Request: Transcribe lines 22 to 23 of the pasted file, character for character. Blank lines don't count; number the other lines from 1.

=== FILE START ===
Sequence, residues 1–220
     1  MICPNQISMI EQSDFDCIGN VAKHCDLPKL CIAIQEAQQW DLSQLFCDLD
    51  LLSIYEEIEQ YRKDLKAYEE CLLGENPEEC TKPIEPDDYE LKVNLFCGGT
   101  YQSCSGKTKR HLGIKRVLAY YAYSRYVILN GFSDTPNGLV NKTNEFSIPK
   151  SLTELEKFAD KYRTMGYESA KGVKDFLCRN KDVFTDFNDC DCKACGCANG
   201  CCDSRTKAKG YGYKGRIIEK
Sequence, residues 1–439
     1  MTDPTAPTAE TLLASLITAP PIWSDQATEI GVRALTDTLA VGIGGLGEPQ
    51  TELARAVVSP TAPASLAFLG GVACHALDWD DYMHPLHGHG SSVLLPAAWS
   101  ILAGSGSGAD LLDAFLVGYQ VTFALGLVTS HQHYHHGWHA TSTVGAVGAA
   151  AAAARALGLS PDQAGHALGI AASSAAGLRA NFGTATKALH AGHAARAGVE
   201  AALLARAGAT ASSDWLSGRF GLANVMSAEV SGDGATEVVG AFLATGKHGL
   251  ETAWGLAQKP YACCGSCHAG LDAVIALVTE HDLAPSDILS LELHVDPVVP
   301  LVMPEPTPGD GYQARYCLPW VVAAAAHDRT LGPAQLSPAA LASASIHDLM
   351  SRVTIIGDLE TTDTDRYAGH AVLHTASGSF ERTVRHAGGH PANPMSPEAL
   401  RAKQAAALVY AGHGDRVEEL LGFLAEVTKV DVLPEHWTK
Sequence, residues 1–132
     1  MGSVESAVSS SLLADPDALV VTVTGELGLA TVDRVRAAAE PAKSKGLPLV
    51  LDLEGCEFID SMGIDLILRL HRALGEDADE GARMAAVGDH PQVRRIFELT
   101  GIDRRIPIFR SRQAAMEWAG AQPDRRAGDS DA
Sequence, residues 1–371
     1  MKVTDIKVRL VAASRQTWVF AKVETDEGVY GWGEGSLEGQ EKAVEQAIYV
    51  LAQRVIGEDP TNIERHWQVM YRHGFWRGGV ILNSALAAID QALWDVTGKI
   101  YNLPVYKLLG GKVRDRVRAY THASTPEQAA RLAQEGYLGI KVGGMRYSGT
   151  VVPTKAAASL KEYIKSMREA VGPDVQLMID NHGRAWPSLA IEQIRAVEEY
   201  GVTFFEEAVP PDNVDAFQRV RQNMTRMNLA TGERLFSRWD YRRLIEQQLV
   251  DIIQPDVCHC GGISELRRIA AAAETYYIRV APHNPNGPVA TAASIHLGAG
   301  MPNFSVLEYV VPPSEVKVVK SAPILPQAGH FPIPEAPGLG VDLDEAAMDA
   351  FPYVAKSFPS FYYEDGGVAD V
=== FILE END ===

     1  MKVTDIKVRL VAASRQTWVF AKVETDEGVY GWGEGSLEGQ EKAVEQAIYV
    51  LAQRVIGEDP TNIERHWQVM YRHGFWRGGV ILNSALAAID QALWDVTGKI